I'm excited to announce that a couple of days ago, marks one year since I walked out of the corporate machine and entered the cake decorating world at full speed.
A couple of months ago I posted about my 10 month mark and I thought I had learned lots. But in the last 2 months, there have been many more eye opening moments. One of them in particular, especially due to reaching the end of our financial year, was the 'real' cost of everything.
I know I have current and future clients reading this post as well as other cake decorators, inspiring bakers and bloggers of all sorts. This post isn't about me having a whinge about how 'expensive' things are but it's more a question for my fellow decorators and anyone else who is in the similar business to consider.
A cute little picture of my cousin's dog Flynn to ease the seriousness of this post - Woof! :)
What is your 'real' cost? I'm not just talking about how much it costs to bake a cake but also how much did it cost you in electricity, rent, admin time, labour, training, cake boards...etc? It may sound petty to consider things like electricity, rent, training and admin time, but if you don't consider these costs upfront, they will still exist later, and will only end up coming out of your profits.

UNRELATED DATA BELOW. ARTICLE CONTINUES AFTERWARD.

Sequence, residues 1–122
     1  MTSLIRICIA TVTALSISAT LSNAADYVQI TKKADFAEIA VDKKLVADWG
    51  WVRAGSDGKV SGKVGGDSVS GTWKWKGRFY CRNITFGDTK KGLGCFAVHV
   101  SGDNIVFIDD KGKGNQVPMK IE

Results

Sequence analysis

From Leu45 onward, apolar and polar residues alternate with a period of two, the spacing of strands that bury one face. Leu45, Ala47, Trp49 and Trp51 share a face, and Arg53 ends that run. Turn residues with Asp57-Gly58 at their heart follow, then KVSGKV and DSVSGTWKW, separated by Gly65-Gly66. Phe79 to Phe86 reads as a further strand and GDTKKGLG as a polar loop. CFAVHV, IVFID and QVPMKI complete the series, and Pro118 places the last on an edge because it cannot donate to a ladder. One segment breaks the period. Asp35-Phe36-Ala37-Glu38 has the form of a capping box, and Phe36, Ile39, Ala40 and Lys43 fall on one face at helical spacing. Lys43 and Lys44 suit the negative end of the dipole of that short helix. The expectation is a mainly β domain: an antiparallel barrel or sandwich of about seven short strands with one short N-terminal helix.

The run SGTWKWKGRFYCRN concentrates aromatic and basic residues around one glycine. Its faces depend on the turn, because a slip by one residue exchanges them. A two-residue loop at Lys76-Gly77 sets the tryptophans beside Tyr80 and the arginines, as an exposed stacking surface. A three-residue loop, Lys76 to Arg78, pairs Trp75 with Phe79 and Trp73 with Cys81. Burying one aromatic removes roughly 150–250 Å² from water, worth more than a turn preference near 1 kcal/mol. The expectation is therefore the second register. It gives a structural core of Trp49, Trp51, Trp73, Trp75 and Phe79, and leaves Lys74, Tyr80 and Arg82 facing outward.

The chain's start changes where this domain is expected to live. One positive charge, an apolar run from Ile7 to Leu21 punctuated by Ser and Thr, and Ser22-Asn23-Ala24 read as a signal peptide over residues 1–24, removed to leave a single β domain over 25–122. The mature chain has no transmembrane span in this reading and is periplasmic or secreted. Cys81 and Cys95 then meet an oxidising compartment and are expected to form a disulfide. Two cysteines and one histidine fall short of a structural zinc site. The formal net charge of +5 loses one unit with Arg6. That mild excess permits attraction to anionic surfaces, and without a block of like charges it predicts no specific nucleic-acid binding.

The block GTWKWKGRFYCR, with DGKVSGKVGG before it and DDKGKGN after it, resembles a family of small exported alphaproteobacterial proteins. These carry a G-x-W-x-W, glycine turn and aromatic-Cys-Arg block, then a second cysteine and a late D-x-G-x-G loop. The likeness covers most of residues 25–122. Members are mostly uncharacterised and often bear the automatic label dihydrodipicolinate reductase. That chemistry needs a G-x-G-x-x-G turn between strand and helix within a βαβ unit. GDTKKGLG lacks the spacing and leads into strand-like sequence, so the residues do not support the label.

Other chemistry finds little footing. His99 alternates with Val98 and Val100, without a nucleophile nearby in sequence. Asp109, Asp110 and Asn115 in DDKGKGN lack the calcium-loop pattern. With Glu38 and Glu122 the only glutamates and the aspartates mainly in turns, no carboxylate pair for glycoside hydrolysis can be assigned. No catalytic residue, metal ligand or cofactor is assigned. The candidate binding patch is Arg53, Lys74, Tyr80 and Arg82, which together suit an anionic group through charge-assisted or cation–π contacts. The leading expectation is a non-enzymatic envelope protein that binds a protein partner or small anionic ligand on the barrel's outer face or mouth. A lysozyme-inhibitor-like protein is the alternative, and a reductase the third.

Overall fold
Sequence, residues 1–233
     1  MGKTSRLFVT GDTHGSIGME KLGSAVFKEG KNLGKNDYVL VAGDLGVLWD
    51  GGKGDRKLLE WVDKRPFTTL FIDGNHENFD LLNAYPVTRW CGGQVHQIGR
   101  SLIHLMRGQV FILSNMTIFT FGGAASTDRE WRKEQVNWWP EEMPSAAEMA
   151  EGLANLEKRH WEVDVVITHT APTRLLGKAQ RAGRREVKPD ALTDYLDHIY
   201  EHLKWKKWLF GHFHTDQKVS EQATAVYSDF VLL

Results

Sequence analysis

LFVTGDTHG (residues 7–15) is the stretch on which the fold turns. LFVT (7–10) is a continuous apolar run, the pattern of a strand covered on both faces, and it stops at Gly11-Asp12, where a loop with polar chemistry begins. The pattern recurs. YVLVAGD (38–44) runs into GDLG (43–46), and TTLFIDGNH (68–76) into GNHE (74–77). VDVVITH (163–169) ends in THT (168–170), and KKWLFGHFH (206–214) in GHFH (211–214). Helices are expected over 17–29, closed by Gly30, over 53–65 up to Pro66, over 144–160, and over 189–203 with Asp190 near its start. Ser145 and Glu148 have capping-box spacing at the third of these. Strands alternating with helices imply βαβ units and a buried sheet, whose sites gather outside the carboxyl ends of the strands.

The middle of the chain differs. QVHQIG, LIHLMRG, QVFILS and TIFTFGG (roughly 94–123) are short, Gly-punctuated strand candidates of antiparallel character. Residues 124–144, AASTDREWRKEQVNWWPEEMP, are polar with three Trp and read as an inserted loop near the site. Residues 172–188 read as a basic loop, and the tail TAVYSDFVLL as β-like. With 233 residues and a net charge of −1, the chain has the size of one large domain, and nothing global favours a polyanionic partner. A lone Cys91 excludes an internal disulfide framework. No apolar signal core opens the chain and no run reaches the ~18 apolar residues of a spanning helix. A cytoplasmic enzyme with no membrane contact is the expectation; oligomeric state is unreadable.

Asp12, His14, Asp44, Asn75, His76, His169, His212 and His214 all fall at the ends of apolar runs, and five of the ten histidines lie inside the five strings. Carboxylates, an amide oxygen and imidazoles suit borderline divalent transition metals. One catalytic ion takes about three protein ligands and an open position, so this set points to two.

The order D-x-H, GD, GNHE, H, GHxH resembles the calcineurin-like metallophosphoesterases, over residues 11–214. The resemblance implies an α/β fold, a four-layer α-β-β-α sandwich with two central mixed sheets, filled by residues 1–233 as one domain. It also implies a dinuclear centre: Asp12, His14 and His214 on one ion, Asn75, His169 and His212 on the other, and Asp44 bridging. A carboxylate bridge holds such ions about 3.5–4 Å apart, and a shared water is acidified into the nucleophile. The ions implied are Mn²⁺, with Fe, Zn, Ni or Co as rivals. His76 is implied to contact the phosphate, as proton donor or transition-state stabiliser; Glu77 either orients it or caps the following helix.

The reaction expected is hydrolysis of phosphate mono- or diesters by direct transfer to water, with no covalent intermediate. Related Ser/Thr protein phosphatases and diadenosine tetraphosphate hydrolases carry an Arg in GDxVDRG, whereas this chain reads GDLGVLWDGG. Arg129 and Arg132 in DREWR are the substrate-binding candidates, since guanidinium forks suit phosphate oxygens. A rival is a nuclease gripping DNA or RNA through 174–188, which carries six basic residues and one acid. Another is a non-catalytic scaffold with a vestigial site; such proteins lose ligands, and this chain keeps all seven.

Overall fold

Working out how/what to charge is always a hot topic with cake decorators and this is my take on it based on my experience. Yes, look at what the competition is charging and what they are doing (and what your clients expect to pay), but don't base everything off that. Cutting your competitors prices by 10% every time is not a very solid strategy. You need to know what YOU have to charge to cover costs and what additional margin/profit you want on top of that. Once you work out the numbers, they speak for themselves. You will also quickly realise that just because a customer wishes to pay a certain value for your work, you might actually be losing money taking in that order or not even making any money at all.
Your competitor may be skimping on quality ingredients, decorating as a hobby or may not have even worked out their true costs and may in actual fact be working for less than $5 an hour. Do you want that for yourself? By just copying what is out there and not knowing for sure if they are correct, it is not a sustainable strategy. We all want to be proud of our work and be respected for what we do but by undervaluing yourself, you're just digging a big hole for yourself to jump in to. So just think about it ...
I'll now leave you with an interesting article I stumbled upon recently from Melissa Capyk of Wild Cakes in Canada - Why Does a Cake Cost so Much?